Regular visitors, as well as first timers, will relish the chance to see another fresh and inventive group of Show Gardens.  In 2016 mental health issues, the importance of bees and art were all themes explored by garden designers (see below).  In 2017 new themes will emerge.  Visit this page again to find out more about what designers and landscapers will conjure up between 2 – 4 June.

“Hive Jive”

The ‘Hive Jive’ Show Garden celebrates the humble bee and aims to demonstrate the simple steps which everyone can take to help all species of bee thrive in the UK. Central to the garden’s concept is the ‘Waggle Dance’, which is realised using a central circular bed planted to reflect the dance patterns used by returning forager bees when communicating with the rest of the colony. Pollen and nectar rich plant species have been chosen to provide attractive and beneficial habitats for populations of bees and other pollinating insects, with the colour palette selected from the bees’ visible colour spectrum.

By: SRUC, Scotland’s Rural College, Edinburgh

Sponsored by RHS

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 “Within These Walls”

Welcome to the Scottish Prison Service garden.  Part of the garden looks as if there is no growth and little potential representing where many of those that we care for have come from.  However, take a few steps forward and you can see the transformation that can be brought about by providing the right opportunities.  We have used plants and upcycled elements to demonstrate what can be achieved if you look within, develop new skills and have hope for the future.  We work to Unlock Potential and Transform Lives and we hope that this garden helps to change your view of prison.

By: The Ladies at HMP Corton Vale and Gentlemen at HMP Glenochil

“Breaking the Wall”

Breaking the wall, breaking down the barriers to cancer care. A garden to fully capture the needs for Macmillan Legacies to help provide the care needed for people with cancer now, and into the future. The garden comprises of two halves with a brick wall dividing the two. The dystopic waste land reflects the loneliness and isolation cancer can bring, but when you break through the wall you enter a tranquil space full of colour to reflect the good work that Macmillan do. You can help break the wall down further by leaving a legacy to Macmillan.

By: Jenna Stuart from Clan Horticulture

Glen Art

“Transition Garden”

 The Transition Garden Glimpses, changes progression, through seasons, through life, into the light. The journey of the garden and of veterans and civilians. Transforming mental health issues into a healthy and positive future.

By: Glen art Designer Ray Howie,

With a team of veterans and volunteers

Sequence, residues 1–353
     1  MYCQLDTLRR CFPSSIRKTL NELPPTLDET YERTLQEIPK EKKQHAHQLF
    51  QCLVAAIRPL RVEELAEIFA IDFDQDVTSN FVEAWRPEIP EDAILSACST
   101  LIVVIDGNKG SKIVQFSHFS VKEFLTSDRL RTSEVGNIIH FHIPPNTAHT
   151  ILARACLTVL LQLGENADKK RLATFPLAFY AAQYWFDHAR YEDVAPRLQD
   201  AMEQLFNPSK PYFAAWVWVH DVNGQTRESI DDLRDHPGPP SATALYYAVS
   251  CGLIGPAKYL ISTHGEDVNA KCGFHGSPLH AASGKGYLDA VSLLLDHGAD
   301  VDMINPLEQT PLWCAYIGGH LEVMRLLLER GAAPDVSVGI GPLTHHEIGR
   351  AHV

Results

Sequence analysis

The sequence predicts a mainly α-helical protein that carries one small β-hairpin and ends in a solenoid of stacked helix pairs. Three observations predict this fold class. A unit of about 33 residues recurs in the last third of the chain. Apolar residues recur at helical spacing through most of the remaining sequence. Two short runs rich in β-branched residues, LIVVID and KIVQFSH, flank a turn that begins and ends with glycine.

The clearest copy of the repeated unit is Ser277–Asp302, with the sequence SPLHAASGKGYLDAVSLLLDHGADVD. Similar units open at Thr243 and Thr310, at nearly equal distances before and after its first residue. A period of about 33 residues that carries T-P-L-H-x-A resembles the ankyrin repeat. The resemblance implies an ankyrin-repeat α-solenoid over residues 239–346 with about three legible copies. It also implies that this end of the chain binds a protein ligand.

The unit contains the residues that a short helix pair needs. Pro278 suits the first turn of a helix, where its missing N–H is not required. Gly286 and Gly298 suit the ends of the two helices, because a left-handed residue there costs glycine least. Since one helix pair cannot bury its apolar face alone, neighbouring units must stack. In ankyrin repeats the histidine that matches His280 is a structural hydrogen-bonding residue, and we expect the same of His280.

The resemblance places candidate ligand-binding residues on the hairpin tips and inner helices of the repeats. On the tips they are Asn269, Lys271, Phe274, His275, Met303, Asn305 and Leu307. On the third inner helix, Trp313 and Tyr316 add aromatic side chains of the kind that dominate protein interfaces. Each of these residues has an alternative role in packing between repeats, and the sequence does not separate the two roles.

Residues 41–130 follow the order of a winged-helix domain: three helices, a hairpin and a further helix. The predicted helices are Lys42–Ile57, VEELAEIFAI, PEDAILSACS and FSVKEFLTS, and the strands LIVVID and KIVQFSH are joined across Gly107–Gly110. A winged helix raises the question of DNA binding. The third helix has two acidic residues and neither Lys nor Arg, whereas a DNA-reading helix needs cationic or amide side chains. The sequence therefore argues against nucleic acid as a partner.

“Who is William Gardiner?”

Our display shows a workshop/bothy with tools of the (not quite) famous Dundee son William Gardiner. Best known for writing ‘The Flora of Forfarshire’ (1848), and ‘Twenty Lessons on British Mosses’ (1846) he is considered one of the countries most respected field botanist and bryologists.  The garden replicates a Scottish moorland with a burn running into a bog and examples of the flora found in the Angus glens.  Mosses and ferns are mingled with native planting set amidst a landscape merging from the cobbles of a Victorian street to the wild landscape of a Scottish hillside.

By: Dundee & Angus College

Students and Staff of the Land Based Department

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“Silhouettes in the Fog”

 The focal point of the garden is a 1915 trench warfare scene, using dense, dark tones of colour and smoke to represent tension, fear and anxiety experienced by Allied soldiers on the Western Front during poisonous gas attacks.

The boardwalk, supports the transition from dark to light colours, sparse ground to an abundance of foliage, representing the journey blinded soldiers took from the horrors of the Western Front to a safe environment under the care of Scottish War Blinded.

Poppies have been created as a mark of respect to the fallen who never returned to Britain from World War One.

By:  Jim Thomson and Scottish War Blinded

“Erskine – Century of Care for Veterans”

 The West of Scotland Dry Stone Walling Association is a Scottish charity. Our aim is to keep alive the craft of dry stone walling. We run training courses and design and build community dry stone projects within the local community to enhance their environment.  The garden will celebrate 100 years of care and help for the British Armed Forces.

By: West of Scotland Dry Stone Walling Association


“House for an Art Lover”

Julie Pritchard is inspired by the eclectic work of Margaret Macdonald Mackintosh (1864-1933), original jewellery maker, artist, interior designer and Charles Rennie Mackintosh (1868 1928), architect, water-colourist and designer, both prominent and intrinsic too the Art Nouveau Movement that occurred in Glasgow during the Industrial Revolution (1890-1920). Celebrating the link between architecture, gardening and art with an emphasis on The Willow Tea Rooms (1903-present day) and House for an Art Lover (1901), Julie has aimed to show her interpretation of the individual and collaborative works of Margaret Macdonald Mackintosh and Charles Rennie Mackintosh.

By: Julie Pritchard

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